Acupuncture can effectively treat tender or painful muscles!!!
As the diagram shows, acupuncture can essentially reverse myofascial trigger points. As a review of the previous blog, the current understanding is that persistently tight muscle fibers, known as taut bands, come about from stress, injury or damage. The taut bands are perpetuated by the sympathetic “fight or flight” response from ongoing stressors in the environment. Because of the tightness, blood flow is compromised in the muscle causing accumulation of the waste products. Along with the release of potent inflammatory mediators, there is a vicious cycle of poor local circulation and accumulation of waste products causing what is called an energy crisis in the muscle. This crisis leads to deterioration of muscle membrane integrity and even abnormalities in the mitochondria itself!! (1) At the level of the neuromuscular junction, there is perpetuation of the Acetylcholine at the junction that can contribute to persistent tightening of the muscle fibers.
Acupuncture Reverses these phenomena by simply first releasing the taut band from its tight configuration. Needling allows for depletion of available acetylcholine stores. Simultaneously, local inflammatory mediators increase blood flow to the areas or ischemia and leading to myofascial trigger “release” or “fasciculations” in the muscle. Further needling can cause localized bleeding which further nourishes the areas of ischemia and hence kickstart the repair process.
Recent meta-analysis of the trigger point needling shows excellent treatment for the condition (2). We will review the article at length at future blog posts so stay tuned!!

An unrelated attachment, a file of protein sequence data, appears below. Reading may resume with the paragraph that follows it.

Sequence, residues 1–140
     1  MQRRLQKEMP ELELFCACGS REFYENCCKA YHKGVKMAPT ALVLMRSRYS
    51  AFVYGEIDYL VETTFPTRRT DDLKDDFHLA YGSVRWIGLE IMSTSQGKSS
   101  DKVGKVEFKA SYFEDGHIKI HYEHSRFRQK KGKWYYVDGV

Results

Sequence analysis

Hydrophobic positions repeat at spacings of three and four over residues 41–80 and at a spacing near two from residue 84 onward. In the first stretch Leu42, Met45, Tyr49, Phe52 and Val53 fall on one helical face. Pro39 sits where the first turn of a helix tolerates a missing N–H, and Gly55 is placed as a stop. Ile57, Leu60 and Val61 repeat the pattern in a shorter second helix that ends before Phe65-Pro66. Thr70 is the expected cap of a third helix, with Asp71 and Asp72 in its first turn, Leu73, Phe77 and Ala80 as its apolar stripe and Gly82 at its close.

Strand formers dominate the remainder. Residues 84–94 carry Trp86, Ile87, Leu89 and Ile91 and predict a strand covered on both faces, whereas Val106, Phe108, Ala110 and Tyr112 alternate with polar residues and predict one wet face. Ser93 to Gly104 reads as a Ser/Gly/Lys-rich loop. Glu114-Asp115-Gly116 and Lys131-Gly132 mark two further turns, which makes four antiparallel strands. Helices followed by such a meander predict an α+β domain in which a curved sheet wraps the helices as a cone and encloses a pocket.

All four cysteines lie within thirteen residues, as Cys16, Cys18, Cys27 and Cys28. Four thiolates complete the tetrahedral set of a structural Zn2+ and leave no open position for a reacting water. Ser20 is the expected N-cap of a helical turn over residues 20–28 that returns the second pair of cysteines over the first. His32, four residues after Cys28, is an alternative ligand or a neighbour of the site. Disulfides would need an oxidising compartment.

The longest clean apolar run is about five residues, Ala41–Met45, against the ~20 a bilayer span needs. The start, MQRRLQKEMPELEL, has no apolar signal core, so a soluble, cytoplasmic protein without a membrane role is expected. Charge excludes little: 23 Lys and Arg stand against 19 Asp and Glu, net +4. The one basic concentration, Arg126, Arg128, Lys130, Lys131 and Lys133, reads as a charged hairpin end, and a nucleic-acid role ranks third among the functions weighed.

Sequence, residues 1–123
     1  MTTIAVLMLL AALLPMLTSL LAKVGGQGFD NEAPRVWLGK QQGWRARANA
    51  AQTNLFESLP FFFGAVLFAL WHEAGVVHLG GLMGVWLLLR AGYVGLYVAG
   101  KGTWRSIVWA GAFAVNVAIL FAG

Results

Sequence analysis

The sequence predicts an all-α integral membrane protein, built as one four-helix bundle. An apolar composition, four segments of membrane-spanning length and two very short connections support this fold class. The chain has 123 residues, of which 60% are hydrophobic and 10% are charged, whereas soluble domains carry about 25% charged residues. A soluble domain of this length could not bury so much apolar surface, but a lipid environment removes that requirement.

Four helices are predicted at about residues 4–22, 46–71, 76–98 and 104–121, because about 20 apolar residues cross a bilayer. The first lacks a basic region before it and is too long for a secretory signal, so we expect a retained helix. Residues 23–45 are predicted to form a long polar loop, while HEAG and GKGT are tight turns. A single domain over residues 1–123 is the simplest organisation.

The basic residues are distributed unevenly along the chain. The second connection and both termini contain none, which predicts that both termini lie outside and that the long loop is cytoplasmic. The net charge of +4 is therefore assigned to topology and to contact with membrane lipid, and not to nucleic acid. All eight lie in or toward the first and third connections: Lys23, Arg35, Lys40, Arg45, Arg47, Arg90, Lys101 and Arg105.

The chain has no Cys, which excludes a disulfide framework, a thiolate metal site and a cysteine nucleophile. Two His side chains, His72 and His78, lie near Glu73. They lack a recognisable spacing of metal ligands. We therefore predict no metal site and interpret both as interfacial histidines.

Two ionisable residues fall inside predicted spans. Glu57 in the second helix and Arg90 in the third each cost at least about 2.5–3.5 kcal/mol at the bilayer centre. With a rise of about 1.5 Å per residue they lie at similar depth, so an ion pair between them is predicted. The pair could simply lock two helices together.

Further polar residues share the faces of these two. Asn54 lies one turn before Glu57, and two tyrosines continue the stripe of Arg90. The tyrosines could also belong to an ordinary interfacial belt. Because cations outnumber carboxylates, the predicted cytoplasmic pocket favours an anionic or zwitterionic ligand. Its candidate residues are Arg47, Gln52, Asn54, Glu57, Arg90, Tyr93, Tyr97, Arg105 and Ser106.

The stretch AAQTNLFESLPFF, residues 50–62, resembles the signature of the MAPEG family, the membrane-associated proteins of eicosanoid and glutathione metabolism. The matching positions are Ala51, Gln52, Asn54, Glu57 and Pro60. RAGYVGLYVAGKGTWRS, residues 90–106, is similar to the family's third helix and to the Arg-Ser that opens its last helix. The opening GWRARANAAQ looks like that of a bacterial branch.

1. Dommerholt, J. Bron, C. Franssen, J. Myofascial trigger points: An Evidence –Informed Review The Journal of Manual & Manipulative Therapy Vol. 14 No. 4 (2006), 203 – 221
2. Kietrys, D. Palombaro, K. et. al. Effectiveness of Dry Needling for upper – quarter Myofascial Pain: A Systematic Review and Meta-analysis. J of Orthopaedic & Sports Physical Therapy 2013 September 43:9: 620 – 635
Acupuncture is an effective treatment for acute and chronic pain management and a useful adjunct for conditions ranging from asthma or allergies to fatigue and hormonal abnormalities. PMAI teaches you how to add medical acupuncture to your current treatment plan and develop a comprehensive wellness plan.
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Myofascial Trigger Points are Explained!
As the diagram shows, trigger points, tender points or myofascial trigger points are synonymous. The picture shows the current models of why some patients have muscle tender points that seem to worsen with stress or other “triggers”. The clinical scenario is usually depicted as follows: when the clinician palpates known muscles along its origin to its insertion, the patient subjectively feels pain that seems to shoot, refer or “trigger” down a nonspecific, nondermatomal, nonmyotomal pattern. Often times, the pain is purely localized but the clinician can palpate these points readily, and under experienced hands, the clinician can feel the taut band or area of very tight soft tissue or muscle in relation to the surrounding “nontender” muscles or structures. Many times, mere palpation leads to a localized histamine release and cause immediate redness at the site of direct pressure. I tell my students to palpate with the thumb and press firmly enough to cause the nail beds of the thumb to turn white to apply enough baseline pressure.
Common sources of trigger points correlate to many known acupuncture points and it is for this reason, understanding myofascial points can give us a glimpse of what is happening at the known acupuncture points when they do correlate.
Our next blog article will show How Acupuncture May Help Cure trigger points or at least treat it. We will also present some new insights into trigger points that can pave the way for adjunctive treatments such as supplements, herbs and nutrition
Bron, C. Etiology of myofascial trigger points. Current Pain Headache Rep. 2012. 16:439-444
Dommerholt, J. Bron, C. Franssen, J. Myofascial trigger points: An Evidence –Informed Review The Journal of Manual & Manipulative Therapy Vol. 14 No. 4 (2006), 203 – 221